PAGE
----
If someone you’ve never met before suddenly gives you a St Valentine’s Day greeting by email, that’s not impulse – chances are, it’s a virus. Security researchers are warning of two new malicious programs that hide behind loving messages timed to take advantage of the romantic atmosphere that 14 February can bring.
According to the antivirus firm Sophos, email attachments and peer-to-peer networks are being used to spread two viruses, Kipis-H and VBSWG-D. Both use a form of social engineering aimed at increasing the chances of users clicking on the attached file that contains the virus payload.
In the case of Kipis-H, emails carrying the virus have the greeting “Happy Valentine’s Day” in the subject line and the body text of the message reads: “With the coming Valentine’s Day! I very much love you.” The virus itself is contained in an executable file Valentine.exe.
Sophos said that once launched, Kipis-H can turn off all antivirus protection on an infected machine. It also installs a backdoor Trojan Horse program that compromises the system and could allow it to be accessed by an unknown party. In addition, it sends itself to all of the contacts in the PC’s email contact list and it pretends to come from the sender’s own address.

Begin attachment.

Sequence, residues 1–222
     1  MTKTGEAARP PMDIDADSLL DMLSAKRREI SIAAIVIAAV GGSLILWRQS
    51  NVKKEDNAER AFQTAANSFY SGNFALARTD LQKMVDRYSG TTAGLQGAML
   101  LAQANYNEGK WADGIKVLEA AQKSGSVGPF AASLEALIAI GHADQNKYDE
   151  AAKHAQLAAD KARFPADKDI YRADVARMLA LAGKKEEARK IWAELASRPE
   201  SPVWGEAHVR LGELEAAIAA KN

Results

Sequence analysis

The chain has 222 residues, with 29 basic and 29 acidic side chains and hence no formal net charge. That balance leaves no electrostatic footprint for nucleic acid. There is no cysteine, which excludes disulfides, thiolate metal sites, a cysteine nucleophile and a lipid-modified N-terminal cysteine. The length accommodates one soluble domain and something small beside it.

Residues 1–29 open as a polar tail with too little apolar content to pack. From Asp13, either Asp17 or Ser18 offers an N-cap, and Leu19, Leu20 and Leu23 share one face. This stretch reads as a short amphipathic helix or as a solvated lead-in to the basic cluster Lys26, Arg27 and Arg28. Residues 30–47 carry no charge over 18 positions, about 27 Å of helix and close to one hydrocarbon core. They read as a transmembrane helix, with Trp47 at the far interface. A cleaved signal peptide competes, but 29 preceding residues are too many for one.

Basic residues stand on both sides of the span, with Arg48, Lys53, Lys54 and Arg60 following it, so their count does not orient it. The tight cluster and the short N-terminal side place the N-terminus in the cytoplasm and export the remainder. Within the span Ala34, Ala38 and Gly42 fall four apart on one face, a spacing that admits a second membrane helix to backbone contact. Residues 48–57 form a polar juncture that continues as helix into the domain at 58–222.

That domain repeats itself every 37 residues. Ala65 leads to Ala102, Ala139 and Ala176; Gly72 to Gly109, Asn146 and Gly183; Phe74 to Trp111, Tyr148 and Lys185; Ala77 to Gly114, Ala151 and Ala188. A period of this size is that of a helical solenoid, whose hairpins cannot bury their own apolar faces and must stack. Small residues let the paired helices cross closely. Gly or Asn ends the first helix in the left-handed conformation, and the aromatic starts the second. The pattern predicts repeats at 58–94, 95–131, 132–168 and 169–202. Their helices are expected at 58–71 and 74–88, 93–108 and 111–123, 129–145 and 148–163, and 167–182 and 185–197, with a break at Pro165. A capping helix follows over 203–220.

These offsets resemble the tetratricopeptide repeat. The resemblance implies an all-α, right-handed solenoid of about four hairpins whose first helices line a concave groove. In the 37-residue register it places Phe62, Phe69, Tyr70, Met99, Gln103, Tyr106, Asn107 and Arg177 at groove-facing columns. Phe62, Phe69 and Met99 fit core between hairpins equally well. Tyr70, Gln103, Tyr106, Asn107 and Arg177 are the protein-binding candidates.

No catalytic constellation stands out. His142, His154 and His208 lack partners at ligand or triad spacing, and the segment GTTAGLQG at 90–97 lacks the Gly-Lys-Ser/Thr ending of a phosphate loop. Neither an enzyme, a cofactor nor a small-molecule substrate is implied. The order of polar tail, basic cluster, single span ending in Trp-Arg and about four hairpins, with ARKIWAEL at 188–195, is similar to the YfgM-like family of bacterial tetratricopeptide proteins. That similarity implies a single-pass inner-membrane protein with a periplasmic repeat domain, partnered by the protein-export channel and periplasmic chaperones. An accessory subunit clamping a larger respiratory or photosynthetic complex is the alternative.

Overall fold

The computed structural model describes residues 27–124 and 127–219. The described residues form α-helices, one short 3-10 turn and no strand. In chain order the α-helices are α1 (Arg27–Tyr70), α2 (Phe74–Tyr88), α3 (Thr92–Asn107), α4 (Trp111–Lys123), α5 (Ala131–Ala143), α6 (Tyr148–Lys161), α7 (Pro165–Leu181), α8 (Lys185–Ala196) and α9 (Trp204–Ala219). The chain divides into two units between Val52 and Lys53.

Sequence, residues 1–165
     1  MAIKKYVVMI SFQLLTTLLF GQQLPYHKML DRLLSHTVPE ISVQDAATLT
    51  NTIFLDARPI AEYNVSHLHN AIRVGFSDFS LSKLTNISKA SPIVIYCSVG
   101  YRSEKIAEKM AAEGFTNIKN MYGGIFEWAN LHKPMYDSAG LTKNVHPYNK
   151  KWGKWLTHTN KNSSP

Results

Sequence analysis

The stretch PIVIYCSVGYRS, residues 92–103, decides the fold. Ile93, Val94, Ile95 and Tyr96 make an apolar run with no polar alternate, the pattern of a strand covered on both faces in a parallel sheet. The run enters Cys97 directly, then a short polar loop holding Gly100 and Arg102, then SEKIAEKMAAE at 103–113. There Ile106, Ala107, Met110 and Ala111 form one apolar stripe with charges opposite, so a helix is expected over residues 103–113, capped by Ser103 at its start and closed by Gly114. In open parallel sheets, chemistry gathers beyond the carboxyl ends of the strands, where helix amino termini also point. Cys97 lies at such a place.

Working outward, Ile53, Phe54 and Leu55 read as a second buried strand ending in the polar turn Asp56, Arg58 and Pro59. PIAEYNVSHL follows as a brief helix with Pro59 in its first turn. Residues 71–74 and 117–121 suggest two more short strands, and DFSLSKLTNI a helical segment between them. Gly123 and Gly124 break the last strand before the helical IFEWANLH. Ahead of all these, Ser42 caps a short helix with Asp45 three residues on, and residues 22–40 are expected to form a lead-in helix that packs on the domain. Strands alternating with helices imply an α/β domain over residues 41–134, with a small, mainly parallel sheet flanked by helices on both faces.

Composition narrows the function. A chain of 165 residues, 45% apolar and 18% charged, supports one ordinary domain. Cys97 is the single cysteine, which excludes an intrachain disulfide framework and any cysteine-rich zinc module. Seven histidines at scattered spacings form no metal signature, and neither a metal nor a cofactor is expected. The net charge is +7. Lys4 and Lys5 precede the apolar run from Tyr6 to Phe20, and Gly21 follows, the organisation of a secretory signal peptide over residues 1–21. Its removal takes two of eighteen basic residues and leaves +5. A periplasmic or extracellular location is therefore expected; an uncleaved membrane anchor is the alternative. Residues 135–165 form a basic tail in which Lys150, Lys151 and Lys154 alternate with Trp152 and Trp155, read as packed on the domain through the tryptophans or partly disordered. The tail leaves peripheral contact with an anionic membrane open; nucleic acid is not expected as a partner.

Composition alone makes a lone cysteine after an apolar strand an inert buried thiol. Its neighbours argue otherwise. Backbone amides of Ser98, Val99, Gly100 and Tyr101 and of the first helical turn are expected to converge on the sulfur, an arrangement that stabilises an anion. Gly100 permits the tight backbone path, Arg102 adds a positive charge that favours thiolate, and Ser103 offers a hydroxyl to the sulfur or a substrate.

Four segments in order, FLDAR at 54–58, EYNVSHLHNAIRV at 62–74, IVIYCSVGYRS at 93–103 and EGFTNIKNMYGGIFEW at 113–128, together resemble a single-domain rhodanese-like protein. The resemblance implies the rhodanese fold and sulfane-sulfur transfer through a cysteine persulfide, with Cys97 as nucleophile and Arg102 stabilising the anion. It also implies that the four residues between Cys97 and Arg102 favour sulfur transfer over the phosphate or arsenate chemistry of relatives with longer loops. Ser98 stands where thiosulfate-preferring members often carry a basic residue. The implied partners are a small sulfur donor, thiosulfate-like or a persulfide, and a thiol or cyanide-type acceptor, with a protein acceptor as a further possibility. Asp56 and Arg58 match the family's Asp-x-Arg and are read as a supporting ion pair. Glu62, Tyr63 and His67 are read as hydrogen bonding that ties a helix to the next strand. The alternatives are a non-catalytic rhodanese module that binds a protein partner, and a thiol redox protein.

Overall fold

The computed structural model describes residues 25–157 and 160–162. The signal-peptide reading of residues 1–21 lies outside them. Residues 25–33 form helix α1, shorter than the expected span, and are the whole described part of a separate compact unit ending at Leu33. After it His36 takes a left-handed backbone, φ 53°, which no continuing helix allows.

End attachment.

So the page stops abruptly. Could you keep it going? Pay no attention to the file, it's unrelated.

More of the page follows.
VBSWG-D takes a somewhat less romantic approach. Although the subject line is “First Love Story!!!”, clicking on the attachment FirstLove.VBS causes a less-than-loving message to display on Valentine’s Day: a dialogue box appears with the charming (and asterisk-free) epithet “Happy F**king Valentine!!!”. The virus then turns off the computer once it has sent itself to all of the addresses contained in the user’s email application.
This is not the first time that virus writers have gone after the less loved-up members of the computing community. At the time of its launch almost five years ago, the Love Bug worm was the biggest virus outbreak of all time. It tried to dupe users into launching the malicious program by purporting to contain a love letter.
By Gordon Smith